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Black Muslims Respond to Arafat's Death
Palestinian leader Yasser Arafat, 75, died of unknown causes in Paris early on the morning of Nov. 11. His death is quickly capturing the attention of leaders across the globe.
Some remember Arafat for his continuous quest for peace within Israel, as well as his much-documented push to create an independent Palestinian state. But others remain less inspired about the legacy he has left, finding disfavor with his political strategies and even charging that he was corrupt.
But Akbar Muhammad, international representative for Minister Louis Farrakhan and the Nation of Islam, says that Blacks should not let Arafat's critics cloud their opinions of him.
"We [Nation of Islam] have had many meetings with him. I feel that the Africans in the Diaspora, especially those in North America, need to make an assessment of Arafat not based on what we're hearing in the media of the West, but his relationship with Africa and his continuous reach for those who are struggling on the African continent as well as those who are off the African continent," he said in a phone interview with the AFRO.
For an example, Muhammad described how Arafat reached out to Andrew Young during his tenure as U.S. ambassador to the United Nations.
"Yasser Arafat always felt that people, such as the Black Americans, would understand the struggle of the Palestinian people. Plus what a lot of people don't know that among the Palestinians, there's a tremendous population of Black Palestinians."
He also illustrated how Arafat developed admiration and strong relationships with African countries. Arafat was involved with the African Union (formerly the Organization of African Unity), even being conferred with honorary membership status. "He attended every meeting, every year until he was isolated in Ramallah," Muhammad said.
"His tenacity of will and struggle, and the man as a survivor should be respected in the close of his life. He started when he was 17 years old in this struggle, helping to smuggle weapons out of Israel to the people in Gaza, and at the close of his life, I feel strongly that it should not be the controversy over whether he was a bad man, he was this, he was that, he was corrupt.... He is a major player in the world," said Muhammad.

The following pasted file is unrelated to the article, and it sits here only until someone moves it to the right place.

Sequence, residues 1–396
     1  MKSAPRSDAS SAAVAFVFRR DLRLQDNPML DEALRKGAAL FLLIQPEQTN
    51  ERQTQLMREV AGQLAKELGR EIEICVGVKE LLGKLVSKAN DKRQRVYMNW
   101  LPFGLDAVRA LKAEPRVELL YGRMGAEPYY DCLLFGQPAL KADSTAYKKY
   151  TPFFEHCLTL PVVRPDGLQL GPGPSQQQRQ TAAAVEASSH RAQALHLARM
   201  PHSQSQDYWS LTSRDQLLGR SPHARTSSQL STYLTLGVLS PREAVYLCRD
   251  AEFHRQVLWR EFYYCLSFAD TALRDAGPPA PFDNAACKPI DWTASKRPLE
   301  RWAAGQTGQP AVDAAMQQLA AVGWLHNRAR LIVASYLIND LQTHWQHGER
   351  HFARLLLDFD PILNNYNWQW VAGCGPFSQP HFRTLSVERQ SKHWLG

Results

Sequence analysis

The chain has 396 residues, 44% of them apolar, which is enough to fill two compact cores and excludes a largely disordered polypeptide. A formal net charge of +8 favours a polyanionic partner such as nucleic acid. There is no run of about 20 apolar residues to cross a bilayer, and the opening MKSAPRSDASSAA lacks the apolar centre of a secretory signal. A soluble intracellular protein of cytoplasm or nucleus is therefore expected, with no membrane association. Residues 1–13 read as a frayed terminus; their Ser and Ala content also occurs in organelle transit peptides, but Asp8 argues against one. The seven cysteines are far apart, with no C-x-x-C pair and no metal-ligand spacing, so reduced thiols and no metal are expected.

Meanwhile, a host of national and international officials, including President George Bush and Pope John Paul II, have responded to the death of the Nobel Peace Prize winner.
At the United Nations' Web site, a statement from a spokesman for Kofi Annan, secretary-general of the U.N., says he was "deeply moved" when he learned of Arafat's death and asserted that his quest for peace has never come into fruition, deeming such as "tragic."
"Now that he is gone, both Israelis and Palestinians, and friends of both peoples throughout the world, must make even greater efforts to bring about the peaceful realization of the Palestinian right to self-determination," he stated.
Yusuf Saleem, imam for the Masjid Muhammad in northwest Washington, hopes that Arafat's death will bring greater attention to the crisis in Israel.
"A lot of the articles highlight the unfortunate situation there in Palestine. A lot of light is on Iraq, Sudan in terms of the Middle East. We want to shed the light on all areas where injustice still prevails, and Muslims definitely feel the same in Palestine. Many Palestinians are under house arrest. You could say that Yasser Arafat was in that kind of predicament. So we're saddened by his passing, but we know nothing happens without the permission of God. But we're also saddened by the fact that we still have not established a Palestinian state for Palestinians with just rights. We really feel the world should be still alarmed until the situation is rectified."